David E. Kendall, a lawyer at Williams & Connolly, has represented former president Bill Clinton and 2016 Democratic presidential nominee Hillary Clinton.

Given the shortness of time before President Trump is out of office, congressional censure is the best way to stigmatize the soon-to-be former president for his despicable actions in fomenting a mob attack on Congress at the very moment legislators were carrying out their constitutional duties to certify the will of American voters.

Censure, a formal condemnation, has only been successfully invoked against one president, Andrew Jackson in 1834. While admittedly symbolic, it is what is needed at this moment: an immediate bipartisan judgment that is strong, unequivocal, indelible and undeniable, a clear judgment that Trump’s conduct was a profound betrayal of both his duty and the basic legal rules of our democratic republic. Different courses of action toward this goal are available, but only censure holds any real chance of imminent success.

Some House Democrats hope to impeach President Trump for a second time for high crimes and misdemeanors. Here is what that accelerated process might entail. (The Washington Post)

The 25th Amendment is a nonstarter, but not only because an invertebrate vice president and supine Cabinet will not initiate it. It is at least debatable whether Trump’s flagrantly illegal action constitutes the kind of disability at which the amendment is aimed. Woodrow Wilson’s incapacity due to a stroke preceded the 25th Amendment by five decades, but it is largely what the framers of that amendment had in mind, and they took pains to remove its initiation from the partisan political process. Any attempted application simply invites Trump enablers to protest that “bad as what he did, it doesn’t amount to constitutional grounds for removing him from office — that requires an ‘inability to discharge’ the duties of the president, and he can still do that.”

Criminal prosecution of Trump faces First Amendment hurdles. American political life is full of harsh and highly charged statements, including threats of all kind. Here, the actual words Trump used were ambiguous and could be read as political exhortations: “Be there, will be wild,” and “You have to show strength, and you have to be strong,” and “Never give up . . . never concede.” Even his most inflammatory statement, “We’re going to the Capitol. We’re going to try and give . . . [Republicans] the kind of pride and boldness that they need to take back our country” is not directly a call to illegal conduct.

The Supreme Court has held that speech can be criminalized when it is “directed to inciting or producing imminent lawless action” and is “likely to incite or produce such action,” but this test is whether the prosecution can prove such conduct here beyond a reasonable doubt. The criminal process, moreover, is complicated, full of loopholes and certainly not fast. Moreover, how much political capital a new administration wants to devote to prosecuting a former president is unclear. Trump is also likely to attempt to pardon himself out of this danger, and though it’s not certain such a step will be effective, it throws a cloud over the process.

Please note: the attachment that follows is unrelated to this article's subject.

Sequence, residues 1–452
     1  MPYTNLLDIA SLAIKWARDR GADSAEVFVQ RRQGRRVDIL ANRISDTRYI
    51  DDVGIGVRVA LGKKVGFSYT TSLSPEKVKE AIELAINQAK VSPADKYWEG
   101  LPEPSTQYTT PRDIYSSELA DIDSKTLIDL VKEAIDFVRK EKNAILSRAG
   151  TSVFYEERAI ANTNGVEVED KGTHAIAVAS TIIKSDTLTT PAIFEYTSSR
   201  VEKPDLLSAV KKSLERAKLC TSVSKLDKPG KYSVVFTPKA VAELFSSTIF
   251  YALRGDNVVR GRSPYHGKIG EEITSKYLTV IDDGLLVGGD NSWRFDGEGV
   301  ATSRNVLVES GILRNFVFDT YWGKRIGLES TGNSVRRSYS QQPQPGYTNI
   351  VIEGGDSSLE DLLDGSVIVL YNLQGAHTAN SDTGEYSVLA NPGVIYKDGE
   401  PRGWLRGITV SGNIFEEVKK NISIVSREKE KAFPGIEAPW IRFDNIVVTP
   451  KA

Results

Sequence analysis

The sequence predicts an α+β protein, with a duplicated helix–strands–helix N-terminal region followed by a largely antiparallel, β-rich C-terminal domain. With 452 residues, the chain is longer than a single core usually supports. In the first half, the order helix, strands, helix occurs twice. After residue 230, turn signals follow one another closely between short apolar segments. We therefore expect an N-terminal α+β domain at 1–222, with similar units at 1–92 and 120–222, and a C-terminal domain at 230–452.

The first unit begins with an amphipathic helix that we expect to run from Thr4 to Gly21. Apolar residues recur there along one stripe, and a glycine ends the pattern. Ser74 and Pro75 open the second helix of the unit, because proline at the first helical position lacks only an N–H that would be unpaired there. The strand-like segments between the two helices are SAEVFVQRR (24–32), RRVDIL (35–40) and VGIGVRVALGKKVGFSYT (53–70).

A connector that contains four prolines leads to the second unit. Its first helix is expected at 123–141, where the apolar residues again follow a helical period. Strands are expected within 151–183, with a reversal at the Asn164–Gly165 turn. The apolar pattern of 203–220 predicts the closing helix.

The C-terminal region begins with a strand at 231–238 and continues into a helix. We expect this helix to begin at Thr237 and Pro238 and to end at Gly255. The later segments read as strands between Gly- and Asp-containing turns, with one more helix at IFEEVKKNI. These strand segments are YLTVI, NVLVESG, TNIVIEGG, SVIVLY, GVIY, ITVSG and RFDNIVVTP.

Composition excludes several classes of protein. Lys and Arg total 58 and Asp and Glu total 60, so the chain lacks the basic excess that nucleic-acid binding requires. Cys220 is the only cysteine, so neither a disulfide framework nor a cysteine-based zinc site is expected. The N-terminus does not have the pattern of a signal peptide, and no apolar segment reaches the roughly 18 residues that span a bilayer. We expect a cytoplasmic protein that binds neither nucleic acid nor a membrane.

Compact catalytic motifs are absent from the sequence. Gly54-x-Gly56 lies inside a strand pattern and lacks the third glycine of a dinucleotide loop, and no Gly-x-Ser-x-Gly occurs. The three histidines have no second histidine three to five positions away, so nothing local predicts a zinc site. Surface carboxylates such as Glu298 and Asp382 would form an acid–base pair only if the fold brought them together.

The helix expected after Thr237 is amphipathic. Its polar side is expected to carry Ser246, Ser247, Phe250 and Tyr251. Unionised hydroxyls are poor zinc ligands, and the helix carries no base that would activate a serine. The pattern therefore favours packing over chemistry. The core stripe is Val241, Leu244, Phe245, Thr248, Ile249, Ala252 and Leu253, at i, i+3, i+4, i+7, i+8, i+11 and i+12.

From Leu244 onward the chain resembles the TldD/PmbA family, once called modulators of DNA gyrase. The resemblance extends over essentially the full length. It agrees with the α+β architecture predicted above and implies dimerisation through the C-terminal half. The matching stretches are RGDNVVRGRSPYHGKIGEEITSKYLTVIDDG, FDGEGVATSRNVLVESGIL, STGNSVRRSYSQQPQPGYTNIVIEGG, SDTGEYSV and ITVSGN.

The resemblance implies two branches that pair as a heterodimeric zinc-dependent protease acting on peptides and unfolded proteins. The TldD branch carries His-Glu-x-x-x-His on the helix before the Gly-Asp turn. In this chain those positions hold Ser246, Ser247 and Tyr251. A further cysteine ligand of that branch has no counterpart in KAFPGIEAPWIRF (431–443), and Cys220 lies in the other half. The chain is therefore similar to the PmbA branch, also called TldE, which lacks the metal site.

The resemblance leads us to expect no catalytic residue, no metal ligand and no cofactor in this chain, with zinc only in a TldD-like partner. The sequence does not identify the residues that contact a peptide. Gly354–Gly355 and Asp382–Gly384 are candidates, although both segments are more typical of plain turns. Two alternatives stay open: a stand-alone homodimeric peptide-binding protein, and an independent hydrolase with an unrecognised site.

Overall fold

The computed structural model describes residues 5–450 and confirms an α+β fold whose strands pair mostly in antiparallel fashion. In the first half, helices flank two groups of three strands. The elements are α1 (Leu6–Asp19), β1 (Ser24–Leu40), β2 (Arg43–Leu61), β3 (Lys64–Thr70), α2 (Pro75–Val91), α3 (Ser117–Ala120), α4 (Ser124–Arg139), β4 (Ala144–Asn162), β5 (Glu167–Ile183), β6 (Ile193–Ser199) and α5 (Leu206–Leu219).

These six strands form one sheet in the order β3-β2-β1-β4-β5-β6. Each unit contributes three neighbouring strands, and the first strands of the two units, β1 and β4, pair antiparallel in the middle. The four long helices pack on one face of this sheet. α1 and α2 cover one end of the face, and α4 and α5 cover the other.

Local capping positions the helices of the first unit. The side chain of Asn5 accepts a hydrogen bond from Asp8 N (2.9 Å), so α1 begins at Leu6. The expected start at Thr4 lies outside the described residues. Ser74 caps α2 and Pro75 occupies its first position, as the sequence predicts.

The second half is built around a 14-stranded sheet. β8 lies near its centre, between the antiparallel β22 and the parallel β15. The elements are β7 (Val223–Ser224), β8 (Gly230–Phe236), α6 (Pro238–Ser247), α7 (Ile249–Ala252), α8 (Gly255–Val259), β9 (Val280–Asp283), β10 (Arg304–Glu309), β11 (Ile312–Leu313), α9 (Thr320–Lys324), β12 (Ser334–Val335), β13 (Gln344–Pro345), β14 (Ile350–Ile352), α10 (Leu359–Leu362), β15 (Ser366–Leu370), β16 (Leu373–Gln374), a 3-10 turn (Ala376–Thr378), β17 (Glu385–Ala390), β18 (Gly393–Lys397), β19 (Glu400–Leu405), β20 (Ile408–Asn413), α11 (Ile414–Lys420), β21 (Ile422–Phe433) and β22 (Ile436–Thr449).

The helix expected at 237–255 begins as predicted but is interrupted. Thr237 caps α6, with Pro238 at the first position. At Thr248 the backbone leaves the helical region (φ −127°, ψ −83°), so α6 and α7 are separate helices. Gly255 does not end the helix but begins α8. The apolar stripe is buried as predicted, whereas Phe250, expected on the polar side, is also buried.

The process of impeachment, with which I have some familiarity, is likewise not an adequate remedy, in light of the time available and the punishment that could be imposed. What Trump did was treasonous, and it is certainly a paradigm “high crime and misdemeanor” — indeed, it’s hard to imagine a more fundamental one. But the framers of the Constitution rejected the parliamentary practice of imposing harsh penalties after legislative impeachment and provided that punishment for congressional impeachment “shall not extend further than to removal from Office,” without prejudice to later indictment.

Trump is mostly saved by the bell here, because even if the House quickly impeaches him, there’s scant time for the Senate to convict him, even if it were so inclined. (The requirement of a two-thirds vote might allow Trump to avoid ejection from office by the narrowest of margins, as Andrew Johnson did a century and a half ago.) An impeachment without any hope of a conviction cheapens that solemn ­process.

While it can be argued that an impeachment trial in the Senate can be conducted after Trump leaves office, since a conviction there could result in “disqualification to hold and enjoy” any federal office in the future, I’m aware of no precedent for such an action. Since 13 senators initially joined the effort to forestall Joe Biden’s election, I think it’s unlikely a Senate effort to impose disqualification would gain the support of the necessary 17 Republican senators to produce the requisite two-thirds majority for such a punishment. One can imagine instead the hand-wringing of those angling to gain the affection and support of Trump’s 74 million voters.

While not entirely satisfying, a strong bipartisan censure resolution is the most effective way of forging a speedy, clear and enduring public sanction against Trump’s conduct. It ought to be drafted to reflect the concerns already expressed by both parties about the incitement of the Capitol mob. It ought not try to encompass Trump’s many other mendacities, rights violations and grifts. Those are for history.

It ought to be a clear test of conscience for Republicans: Is there, at last, not some Trumpian conduct so incandescently undemocratic and un-American that you will condemn it? And if the answer to that question is “no,” there ought to be a clear legislative record of such cravenness.

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